Most child care programs, preschools, and day care centers are public accommodations and cannot discriminate against children on the basis of disability. However, it is not always clear what constitutes a disability or how to make a reasonable accommodation for a child with a disability. Many cases in this area are settled without extensive litigation, benefitting both children who might suffer harm as a result of lengthy litigation and child care centers attempting to curb rising childcare costs. This article summarizes the current law in this area, including available settlement information and Department of Justice policies.
In the United States prior to the 1960s, a trend existed which segregated individuals with disabilities from the rest of society. In the 1960s, a change in the philosophy of the nation began to occur that reflected an idea that all individuals should be able to realize their potential and should not be segregated or separated because of their differences. As we turned away from separation in a racial context, we began to look at other groups we segregated from the mainstream of society and began to attempt to integrate them as well. The Rehabilitation Act was passed in 1973 and was the first federal statute providing for nondiscrimination on the basis of disability. It provided that the federal government, federal contractors, and recipients of federal financial assistance could not discriminate on the basis of disability. In 1975, the Education for All Handicapped Children Act was passed by Congress (now called the Individuals with Disabilities Education Act or IDEA1). This act reflected court decisions about equal protection and due process when educating children with disabilities in the public school system and addressed questions of procedural safeguards and funding in that context. In 1990, the Americans with Disabilities Act (ADA) was passed, providing much more comprehensive coverage for individuals with disabilities.2 The ADA prohibits discrimination on the basis of disability in employment, state and local government, public accommodations, commercial facilities, transportation and telecommunications.3 The ADA incorporated many of the areas covered under the Rehabilitation Act.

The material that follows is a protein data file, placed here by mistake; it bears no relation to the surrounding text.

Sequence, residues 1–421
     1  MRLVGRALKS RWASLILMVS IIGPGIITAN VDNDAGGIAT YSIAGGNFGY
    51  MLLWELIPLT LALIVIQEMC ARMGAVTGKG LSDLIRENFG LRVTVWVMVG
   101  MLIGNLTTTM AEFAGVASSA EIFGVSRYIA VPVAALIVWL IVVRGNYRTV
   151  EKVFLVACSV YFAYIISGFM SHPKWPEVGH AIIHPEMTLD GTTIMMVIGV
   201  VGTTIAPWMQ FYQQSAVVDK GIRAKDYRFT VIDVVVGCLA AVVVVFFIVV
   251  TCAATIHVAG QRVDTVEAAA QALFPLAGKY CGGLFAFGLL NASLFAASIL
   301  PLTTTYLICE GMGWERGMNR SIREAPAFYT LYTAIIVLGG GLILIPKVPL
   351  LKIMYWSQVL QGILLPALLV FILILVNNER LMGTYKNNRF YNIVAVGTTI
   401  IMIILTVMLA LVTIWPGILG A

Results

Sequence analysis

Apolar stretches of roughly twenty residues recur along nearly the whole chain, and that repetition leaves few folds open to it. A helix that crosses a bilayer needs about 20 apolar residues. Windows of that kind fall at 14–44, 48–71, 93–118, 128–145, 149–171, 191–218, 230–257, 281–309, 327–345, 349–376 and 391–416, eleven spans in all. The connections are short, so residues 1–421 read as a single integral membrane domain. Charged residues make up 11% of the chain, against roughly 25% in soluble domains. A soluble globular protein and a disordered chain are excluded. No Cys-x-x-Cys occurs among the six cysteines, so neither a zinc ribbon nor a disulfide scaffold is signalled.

Most actions against child care centers or private schools can be brought under Title III of the ADA, which covers public accommodations. Title III states that:
No individual shall be discriminated against on the basis of disability in the full and equal enjoyment of the goods, services, facilities, privileges, advantages, or accommodations of any place of public accommodation by any person who owns, leases (or leases to), or operates a place of public accommodation.4
Several different categories of public accommodation are defined, specifically including nurseries, private schools, and day care centers.5 Under Title III, public accommodations must comply with basic nondiscrimination requirements prohibiting exclusion, segregation and unequal treatment. Title III does not apply to private child care programs that are controlled or operated by religious organizations, although it does apply to programs that operate on the premises of religious organizations but are not operated by the religious organization (for instance, a child care program that leases space from a church).6 However, many such programs receive federal financial assistance in the form of school lunch programs. Under Section 504 of the Rehabilitation Act, recipients of federal financial assistance are not allowed to discriminate on the basis of disability against otherwise qualified individuals. Between coverage under the ADA, and the coverage that remains under Section 504 of the Rehabilitation Act, IMAGE FORMULA10almost all child care centers are prohibited by law from discriminating against children with special needs or disabilities. …